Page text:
The seedier side of the internet gained notoriety with the juggernaut of illicit online products and services, Silk Road, which promised to protect users’ privacy. Sex trafficking, human smuggling, murder for hire, body parts for sale – all had a welcome place. As the dark web flourished, the feds began to frown on selling arms and legs on the open market. So Silk Road was officially put out of business in 2014 — but not before averaging $15 million in Bitcoin and cryptocurrency transactions annually.
General rule of thumb: Stay off the dark web.
But any enterprising person can use Facebook and Twitter to purchase firearms, falsified identification documents, and illicit drugs of choice under the radar. You can even fund-raise for a terror attack. That’s all thanks to the 1996 Communications Decency Act Section 230 (CDA230), which says: “No provider or user of an interactive computer service shall be treated as the publisher or speaker of any information provided by another information content provider.”
In other words, these online intermediaries – Twitter, Instagram, Codias, Facebook – cannot be held responsible for what their users say or do. Intermediaries are defined as Internet Service Providers (ISPs), interactive computer service providers, and any outfit that publishes third-party content. It is essentially a protection of free speech.
Trading Freedom for Law Enforcement?
The Alliance to Counter Crime Online (ACCO) is on the front lines of combing through the terror lurking on the everyday user’s laptop, phone, and pad. According to its research data, “more than one third of the world is on social media” and “25% of user profiles are Avatars,” allowing for additional shielding from prying law enforcement eyes.
ACCO isn’t shy in assessing Twitter, Facebook, and Instagram, as Gretchen Peters, ACCO’s executive director, states:
“We believe Internet firms should become liable, much like financial institutions, for removing crime and terror activity from their systems, and that they should be sharing data about illicit activity proactively with law enforcement, and not deleting the scene of the crime.”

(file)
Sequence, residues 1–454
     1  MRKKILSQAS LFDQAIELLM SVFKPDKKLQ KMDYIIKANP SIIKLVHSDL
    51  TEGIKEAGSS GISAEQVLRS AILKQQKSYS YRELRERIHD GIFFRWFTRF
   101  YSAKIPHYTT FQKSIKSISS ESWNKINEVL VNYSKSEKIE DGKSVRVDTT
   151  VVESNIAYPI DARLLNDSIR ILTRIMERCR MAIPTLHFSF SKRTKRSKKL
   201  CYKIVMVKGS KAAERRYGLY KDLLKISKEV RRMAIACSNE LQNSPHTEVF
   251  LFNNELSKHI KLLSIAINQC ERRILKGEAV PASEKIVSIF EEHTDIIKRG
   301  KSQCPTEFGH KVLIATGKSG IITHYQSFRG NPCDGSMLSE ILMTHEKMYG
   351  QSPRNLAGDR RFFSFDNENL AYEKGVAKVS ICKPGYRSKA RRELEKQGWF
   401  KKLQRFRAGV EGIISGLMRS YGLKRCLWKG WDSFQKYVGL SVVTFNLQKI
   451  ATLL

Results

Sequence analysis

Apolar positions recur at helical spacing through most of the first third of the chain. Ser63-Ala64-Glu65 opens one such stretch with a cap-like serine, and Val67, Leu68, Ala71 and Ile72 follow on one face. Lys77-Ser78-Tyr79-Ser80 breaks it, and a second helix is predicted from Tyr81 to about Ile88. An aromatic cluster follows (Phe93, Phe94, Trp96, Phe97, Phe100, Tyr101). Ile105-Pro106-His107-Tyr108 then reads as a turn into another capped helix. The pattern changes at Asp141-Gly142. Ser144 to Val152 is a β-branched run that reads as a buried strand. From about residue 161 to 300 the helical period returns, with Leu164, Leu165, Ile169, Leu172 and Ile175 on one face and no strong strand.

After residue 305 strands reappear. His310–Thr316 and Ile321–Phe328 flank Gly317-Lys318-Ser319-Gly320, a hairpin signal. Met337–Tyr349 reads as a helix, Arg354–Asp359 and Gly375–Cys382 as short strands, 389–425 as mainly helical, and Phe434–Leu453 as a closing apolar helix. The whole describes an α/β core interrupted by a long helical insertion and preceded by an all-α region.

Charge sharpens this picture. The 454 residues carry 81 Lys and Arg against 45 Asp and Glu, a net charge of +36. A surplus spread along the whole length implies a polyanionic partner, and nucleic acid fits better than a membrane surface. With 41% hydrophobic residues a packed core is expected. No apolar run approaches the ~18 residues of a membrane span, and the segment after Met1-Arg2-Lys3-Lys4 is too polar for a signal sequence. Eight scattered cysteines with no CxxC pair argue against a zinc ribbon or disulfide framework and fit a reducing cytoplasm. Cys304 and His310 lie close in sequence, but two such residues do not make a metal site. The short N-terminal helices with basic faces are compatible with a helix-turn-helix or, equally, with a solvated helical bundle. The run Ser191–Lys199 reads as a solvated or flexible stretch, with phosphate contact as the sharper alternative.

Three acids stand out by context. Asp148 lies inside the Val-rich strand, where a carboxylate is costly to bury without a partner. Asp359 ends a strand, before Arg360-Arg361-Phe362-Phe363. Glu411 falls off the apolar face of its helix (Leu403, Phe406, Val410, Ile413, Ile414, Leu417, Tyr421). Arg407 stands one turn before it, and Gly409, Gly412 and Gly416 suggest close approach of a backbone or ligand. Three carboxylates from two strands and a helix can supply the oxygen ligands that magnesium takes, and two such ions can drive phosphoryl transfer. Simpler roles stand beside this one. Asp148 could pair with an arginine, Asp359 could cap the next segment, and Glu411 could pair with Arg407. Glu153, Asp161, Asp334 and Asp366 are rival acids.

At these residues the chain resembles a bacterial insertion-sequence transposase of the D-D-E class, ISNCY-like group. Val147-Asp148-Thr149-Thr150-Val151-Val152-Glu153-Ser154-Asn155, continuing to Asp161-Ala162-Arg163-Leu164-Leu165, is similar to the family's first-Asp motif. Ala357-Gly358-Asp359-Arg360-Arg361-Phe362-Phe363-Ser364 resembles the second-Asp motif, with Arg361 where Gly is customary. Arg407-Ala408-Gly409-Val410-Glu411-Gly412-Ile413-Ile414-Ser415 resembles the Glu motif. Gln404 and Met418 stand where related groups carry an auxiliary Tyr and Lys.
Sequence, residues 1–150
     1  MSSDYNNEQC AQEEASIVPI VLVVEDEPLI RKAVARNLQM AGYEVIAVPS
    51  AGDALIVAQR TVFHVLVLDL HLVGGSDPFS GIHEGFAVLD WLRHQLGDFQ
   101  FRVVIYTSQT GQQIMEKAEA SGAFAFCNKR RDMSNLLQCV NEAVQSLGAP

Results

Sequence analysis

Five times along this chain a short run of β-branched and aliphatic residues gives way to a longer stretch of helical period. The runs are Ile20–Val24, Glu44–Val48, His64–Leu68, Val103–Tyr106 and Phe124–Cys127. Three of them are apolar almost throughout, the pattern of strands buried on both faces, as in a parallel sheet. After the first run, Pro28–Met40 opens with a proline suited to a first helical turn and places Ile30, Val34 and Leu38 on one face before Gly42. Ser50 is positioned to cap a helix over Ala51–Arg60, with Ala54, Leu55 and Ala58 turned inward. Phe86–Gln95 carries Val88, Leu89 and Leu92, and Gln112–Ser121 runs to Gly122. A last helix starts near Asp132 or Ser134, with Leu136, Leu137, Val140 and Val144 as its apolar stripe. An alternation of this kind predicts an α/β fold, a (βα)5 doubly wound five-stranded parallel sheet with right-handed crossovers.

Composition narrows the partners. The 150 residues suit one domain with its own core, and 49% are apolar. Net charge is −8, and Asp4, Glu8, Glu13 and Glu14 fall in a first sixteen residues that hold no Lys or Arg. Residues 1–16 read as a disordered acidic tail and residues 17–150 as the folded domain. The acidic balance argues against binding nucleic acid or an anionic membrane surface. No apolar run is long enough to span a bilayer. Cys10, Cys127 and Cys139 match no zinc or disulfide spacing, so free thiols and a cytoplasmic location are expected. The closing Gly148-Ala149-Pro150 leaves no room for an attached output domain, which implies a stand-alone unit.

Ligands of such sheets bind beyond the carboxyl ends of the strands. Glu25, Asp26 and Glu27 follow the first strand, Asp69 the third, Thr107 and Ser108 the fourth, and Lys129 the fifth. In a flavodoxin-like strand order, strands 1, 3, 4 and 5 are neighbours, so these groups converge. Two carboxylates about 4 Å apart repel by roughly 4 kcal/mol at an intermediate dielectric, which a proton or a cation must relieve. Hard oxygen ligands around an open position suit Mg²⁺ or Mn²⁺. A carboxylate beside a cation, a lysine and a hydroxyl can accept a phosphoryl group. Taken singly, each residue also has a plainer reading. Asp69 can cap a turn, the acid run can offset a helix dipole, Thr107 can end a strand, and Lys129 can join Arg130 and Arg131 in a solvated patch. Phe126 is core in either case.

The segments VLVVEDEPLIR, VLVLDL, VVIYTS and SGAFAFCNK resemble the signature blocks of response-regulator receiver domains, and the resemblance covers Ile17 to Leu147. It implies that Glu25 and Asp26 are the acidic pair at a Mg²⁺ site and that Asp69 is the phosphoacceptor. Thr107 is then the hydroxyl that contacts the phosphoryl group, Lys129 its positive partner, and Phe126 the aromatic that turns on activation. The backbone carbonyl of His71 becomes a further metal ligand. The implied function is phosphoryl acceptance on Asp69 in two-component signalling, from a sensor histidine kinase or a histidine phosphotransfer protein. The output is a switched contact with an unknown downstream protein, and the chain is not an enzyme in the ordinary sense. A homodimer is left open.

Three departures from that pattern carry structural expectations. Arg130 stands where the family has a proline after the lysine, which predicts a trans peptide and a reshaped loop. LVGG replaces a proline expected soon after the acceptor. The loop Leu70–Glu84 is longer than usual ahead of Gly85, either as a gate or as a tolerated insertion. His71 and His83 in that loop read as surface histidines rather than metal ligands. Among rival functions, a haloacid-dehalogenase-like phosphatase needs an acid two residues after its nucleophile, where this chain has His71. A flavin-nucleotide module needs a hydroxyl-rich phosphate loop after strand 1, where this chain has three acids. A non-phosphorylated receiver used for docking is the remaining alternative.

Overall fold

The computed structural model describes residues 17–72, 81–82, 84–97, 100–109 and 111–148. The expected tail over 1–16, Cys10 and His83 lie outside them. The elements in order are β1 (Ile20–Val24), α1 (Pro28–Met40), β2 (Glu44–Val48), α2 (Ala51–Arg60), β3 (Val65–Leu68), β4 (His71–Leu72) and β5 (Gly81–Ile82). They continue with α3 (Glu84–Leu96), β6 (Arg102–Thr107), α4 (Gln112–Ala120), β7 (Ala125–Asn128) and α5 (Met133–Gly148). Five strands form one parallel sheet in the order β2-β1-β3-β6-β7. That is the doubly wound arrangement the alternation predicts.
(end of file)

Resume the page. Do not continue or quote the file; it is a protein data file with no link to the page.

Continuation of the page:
ACCO reports Hezbollah openly ran an “equip a jihadi” fundraiser on Twitter, boasting of using the funds to attack Israel. Mexican cartels use Facebook as a platform to launder money, move drugs, and hire hits on enemies. And at this point in the online community, the social platforms can’t keep up with the illegal traffic – although their efforts are valiant. Facebook has removed 1.5 million drug sales posts in the six months since amending its standards of enforcement policy, which is more than the Silk Road hosted during its entire unsavory run.
But imagine the transactions that they aren’t catching: That should send goosebumps skittering down the spine.
In 1996, when CDA230 was enacted, there were only 100,000 websites, just 20 million American adults had access to the internet – which was dial-up – and Google had yet to exist. Could today and the future have even been contemplated?
Although CDA230 grants sweeping immunities to a single industry, there are limits and amendments. Instead of terrorist fundraising, however, restrictions are geared more toward copyright infringement. Section 230 was changed last year to damper the burgeoning human acquisitions and sales industry and in 2018 to add compliance to the Stop Enabling Sex Traffickers Act, which required social platforms to remove any material in violation of sex-trafficking laws.
Why Mess With Success?
The First Amendment was written at a time when today’s mediums of communication and ensured anonymity behind a keyboard could not have been imagined. And some critics are seeking an overhaul in the only legal self-regulating industry.
As ACCO requests Congress to saddle the big-tech giants with responsibility, are we abandoning the tenets of free speech or protecting the vulnerable from unforeseen dangers on the internet?
Frankly, messing with freedom of speech is a slippery slope best left untraveled; once breached, there will be no end to alterations and reversals of basic rights. Perhaps asking the fox – in this case social media platforms – to guard the chicken coop is a foolish entreaty sure to fail. Demanding they simply remove content that is illegal in real life should be an easy enough rule to implement without restricting the flow of information or prohibiting freedom of thought, opinion, and beliefs.